flower.
Snatches of time, trapped in shards
of shattered mirror glass, came

spinning, oh so slowly, past them.


Different tableaux trapped in
different fragments, reflecting back
and forth, creating corridors of
jangling light and echoes of the
past: the nightmare memories that
haunt the darkened House.
Chris and Arkhew stood together,
timeless, as time itself danced and
fragmented around them.
In the Hal , the terrified Cousins are
trying to drag open the great doors.
The huge Drudges are forcing them
back.

Innocet stands on the dais. She is


trying to calm the crowd of
Cousins.
Someone
throws
something. Innocet clutches at her
face. She is bleeding where she
has been hit.
In a wooden box-trap, a little
creature like a shrew is screaming.
Glospin lies in bed, pale with a
transfixed stare. Satthralope sits
beside him, rocking herself slowly
as she holds his hand. In a sudden
spasm, he clutches tightly at her
arm. Then he falls back, his
fevered eyes close and his mouth

drops open. After a moment,


Satthralope takes a black rose from
her bonnet and places it on his
chest.
'Good riddance,' muttered Arkhew.
'Was he dead?' said Chris. 'Was
Glospin dead?'
'That finished off his schemes!'
Arkhew pointed to another mirror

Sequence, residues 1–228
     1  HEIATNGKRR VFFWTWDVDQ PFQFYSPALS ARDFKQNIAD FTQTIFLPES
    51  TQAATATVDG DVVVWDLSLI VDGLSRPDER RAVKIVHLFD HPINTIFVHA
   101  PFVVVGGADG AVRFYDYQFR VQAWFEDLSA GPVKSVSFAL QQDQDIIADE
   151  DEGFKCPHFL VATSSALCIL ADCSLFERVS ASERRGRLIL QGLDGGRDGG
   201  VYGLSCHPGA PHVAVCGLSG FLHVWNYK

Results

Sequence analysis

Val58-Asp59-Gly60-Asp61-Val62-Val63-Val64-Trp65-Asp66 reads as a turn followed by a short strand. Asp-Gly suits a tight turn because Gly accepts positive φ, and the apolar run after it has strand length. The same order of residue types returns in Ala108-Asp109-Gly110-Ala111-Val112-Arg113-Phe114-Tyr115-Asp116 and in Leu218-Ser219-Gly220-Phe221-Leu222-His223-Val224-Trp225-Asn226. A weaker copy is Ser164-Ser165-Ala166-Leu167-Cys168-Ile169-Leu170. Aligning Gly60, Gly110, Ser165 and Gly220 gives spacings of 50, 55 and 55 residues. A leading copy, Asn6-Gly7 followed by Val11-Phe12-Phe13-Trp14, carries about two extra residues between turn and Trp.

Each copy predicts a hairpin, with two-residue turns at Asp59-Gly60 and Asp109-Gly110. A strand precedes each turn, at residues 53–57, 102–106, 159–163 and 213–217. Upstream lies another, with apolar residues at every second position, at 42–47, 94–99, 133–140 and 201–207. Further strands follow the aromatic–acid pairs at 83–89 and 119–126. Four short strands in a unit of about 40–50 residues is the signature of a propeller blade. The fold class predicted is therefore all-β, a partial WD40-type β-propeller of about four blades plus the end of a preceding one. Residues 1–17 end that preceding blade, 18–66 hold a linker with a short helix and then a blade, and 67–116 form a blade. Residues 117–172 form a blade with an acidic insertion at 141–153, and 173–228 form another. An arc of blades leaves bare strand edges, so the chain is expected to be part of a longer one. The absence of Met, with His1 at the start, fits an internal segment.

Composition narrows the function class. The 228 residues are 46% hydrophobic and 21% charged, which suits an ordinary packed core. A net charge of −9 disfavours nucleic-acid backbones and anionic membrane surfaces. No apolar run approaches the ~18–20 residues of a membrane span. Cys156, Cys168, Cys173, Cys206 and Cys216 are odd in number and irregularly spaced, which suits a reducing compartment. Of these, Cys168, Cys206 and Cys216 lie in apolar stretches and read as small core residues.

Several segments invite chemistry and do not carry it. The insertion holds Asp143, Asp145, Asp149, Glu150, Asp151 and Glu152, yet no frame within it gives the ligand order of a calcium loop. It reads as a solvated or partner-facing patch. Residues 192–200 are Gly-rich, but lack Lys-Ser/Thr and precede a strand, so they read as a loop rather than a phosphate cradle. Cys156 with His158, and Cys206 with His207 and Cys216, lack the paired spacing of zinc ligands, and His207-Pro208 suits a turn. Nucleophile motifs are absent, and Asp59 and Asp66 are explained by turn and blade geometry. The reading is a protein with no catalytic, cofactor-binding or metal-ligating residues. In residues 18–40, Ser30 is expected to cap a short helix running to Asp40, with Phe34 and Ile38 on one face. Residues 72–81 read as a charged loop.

shard as it spun slowly past. 'Look
over there.
Look at the despair.'

The Cousins are gathered round


the stone plinth in the hall. They
are clinging to it, like frightened
kids clinging to their mother.
Tallow is dripping from a tilted
candle. It drops into a dish of water.
forming
white
shapes
like
mushroom skul s.
Innocet holds the candle, a look of
fear and anger on her face.
Satthralope rages at Quences in
his room. Accusing fingers and
eyes. He, far from frail, laughs at
her as she storms out. He turns to

work on a huge furry shape that


lies on a table.
Suddenly the reflection within the
turning shard cracks into dozens of
identical little reflections. A doublebladed dagger held by a figure in
black stabs Quences through both
hearts. Quences stares in disbelief
his lips mouthing the word 'You'.
'Murderer!' yelped Arkhew. 'It was
him! That's who did it!'
'Who?' said Chris.
' He came back to do it! It was him!'

Wine is spil ing off the table.


Chris grabbed Arkhew by the
shoulders. 'Who killed the old
man?' he demanded.
'Murderer, murderer. . .' gasped the
little man.
Satthralope stares at them from the
surface of a turning mirror shard.
Her chair rocks back and forth.
Soothing, lulling.
Although Chris could not hear her,
he understood the words she was
mouthing:

'Not dead. Just in stasis. Just


waiting. He's not dead.'
A cortege is passing by. On the
monstrous catafalque lies the body
of murdered Quences.
'Not dead. Just waiting. Waiting in
stasis. We're all waiting.'
'Is it over?' Arkhew stared
imploringly up at Chris. 'Is the
waiting over?'
'I don't know. I don't understand,'
stuttered the young Adjudicator.
The violence of the murder had

shocked him cold. 'Who was it?


Who kil ed the old man? How long
ago?'
'Too long.' Arkhew was drifting,
moving slowly away. 'No,' he said
angrily. 'Nothing changes.'
'What do I do?' called Chris. 'Show
me!'
'We've already been shown!'
Chris saw a bright eye approaching
in the dark. It pulled hungrily at him.
It was the mirror through which he